Small House of Everything

Small House of Everything

Friday, January 9, 2015


The Witching Lands:  Tales of the West Indies by Hugh B. Cave (1962)

Those who remember Hugh B. Cave for his pulp stories and for the string of paperback horror novels he wrote near the end of his career may be surprised that his first short story collection contained thirteen stories from the slicks -- The Saturday Evening Post, Ladies' Home Journal, The American Magazine, Today's Woman, and The Elks Magazine -- plus one evidently previously unpublished. 

The stories are all set in the fictional West Indies country of St. Joseph, a fully realized location due to Cave's intimate knowledge of the West Indies.  Cave lived in Haiti for years, owned a coffee plantation in Jamaica, and had written non-fiction books about both countries.  His love of the land and its people shines through these stories.

Max Haun is the manager of The Pension Etoile, a small, comfortable hotel in St. Joseph City.  "Too small to lure the conventional tourist, the Etoile attracts guests of more lasting interest -- men from the outlying plantations, in town for business; engineers from the back-country mines and construction projects, seeking a weekend's respite from the demands of their work; doctors and nurses from the country hospitals; young foreign service people, scientists, teachers, writers, artists...the variety is infinite."  It is Max who relates these tales of the people who passed through the hotel's doors and of the natives who provide the backbone of the country.  St. Joseph is a poor country with many remote villages, a corrupt government, and a mostly honest police force.  Many of the natives are uneducated and superstitious -- zombies, vampires, werewolves are believed to be real; voodoo is commonly accepted.  Winds of change are beginning to blow over the country; an important Presidential election is coming, although the result is almost assured for the incumbent.  That's the background for these stories, but the stories are mainly concerned with the ordinary people of St. Joseph -- their hopes and their fears and their dreams.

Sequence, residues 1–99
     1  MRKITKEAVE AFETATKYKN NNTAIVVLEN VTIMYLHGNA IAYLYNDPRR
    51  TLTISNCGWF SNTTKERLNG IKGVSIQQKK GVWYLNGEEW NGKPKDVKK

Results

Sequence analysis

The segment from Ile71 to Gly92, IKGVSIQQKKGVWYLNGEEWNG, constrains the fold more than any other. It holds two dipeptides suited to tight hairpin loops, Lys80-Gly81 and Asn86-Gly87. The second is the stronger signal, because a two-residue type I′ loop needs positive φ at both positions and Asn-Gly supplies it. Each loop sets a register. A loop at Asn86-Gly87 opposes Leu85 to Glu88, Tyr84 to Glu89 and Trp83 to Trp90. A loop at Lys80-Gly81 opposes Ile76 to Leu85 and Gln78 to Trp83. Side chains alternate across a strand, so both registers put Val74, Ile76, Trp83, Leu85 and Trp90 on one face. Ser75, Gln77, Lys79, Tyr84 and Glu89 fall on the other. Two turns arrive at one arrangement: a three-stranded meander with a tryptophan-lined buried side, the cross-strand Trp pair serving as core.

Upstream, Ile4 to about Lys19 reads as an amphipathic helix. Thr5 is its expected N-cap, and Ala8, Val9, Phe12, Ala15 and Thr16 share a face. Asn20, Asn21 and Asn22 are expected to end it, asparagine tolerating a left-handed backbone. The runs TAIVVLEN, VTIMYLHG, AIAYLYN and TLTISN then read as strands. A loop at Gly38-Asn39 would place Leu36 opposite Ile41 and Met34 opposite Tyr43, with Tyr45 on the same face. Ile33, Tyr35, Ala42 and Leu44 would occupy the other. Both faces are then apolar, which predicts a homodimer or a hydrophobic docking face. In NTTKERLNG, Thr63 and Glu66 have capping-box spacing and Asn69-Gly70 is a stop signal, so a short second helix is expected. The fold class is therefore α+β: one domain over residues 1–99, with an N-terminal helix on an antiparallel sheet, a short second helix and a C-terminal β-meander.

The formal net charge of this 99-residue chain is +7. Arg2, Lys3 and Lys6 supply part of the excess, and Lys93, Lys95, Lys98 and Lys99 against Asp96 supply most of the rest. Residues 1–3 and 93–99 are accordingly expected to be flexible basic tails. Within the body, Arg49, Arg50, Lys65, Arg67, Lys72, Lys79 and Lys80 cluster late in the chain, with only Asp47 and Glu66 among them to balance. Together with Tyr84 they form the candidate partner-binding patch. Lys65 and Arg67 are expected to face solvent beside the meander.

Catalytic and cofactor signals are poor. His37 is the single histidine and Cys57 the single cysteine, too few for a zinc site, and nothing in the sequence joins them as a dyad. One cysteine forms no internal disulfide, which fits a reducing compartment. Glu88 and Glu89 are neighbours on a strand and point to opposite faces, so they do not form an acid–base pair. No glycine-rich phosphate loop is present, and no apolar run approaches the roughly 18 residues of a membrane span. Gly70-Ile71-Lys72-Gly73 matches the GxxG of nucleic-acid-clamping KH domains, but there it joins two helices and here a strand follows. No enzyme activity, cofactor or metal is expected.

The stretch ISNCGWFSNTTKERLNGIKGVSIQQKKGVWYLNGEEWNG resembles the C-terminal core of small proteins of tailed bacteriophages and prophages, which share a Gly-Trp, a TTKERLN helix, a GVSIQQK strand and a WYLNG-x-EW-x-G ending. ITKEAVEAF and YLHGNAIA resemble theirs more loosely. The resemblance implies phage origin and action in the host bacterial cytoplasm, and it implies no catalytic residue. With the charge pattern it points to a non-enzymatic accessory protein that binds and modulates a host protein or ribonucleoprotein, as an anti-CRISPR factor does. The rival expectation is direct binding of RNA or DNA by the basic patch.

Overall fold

This is a great little collection, warmly told. 

The Witching Lands has never been reprinted in this country and that's a shame.  Copies, however, are available through online booksellers and through interlibrary loans.

1 comment:

  1. I've added it to my inter-library loan list. Sounds great.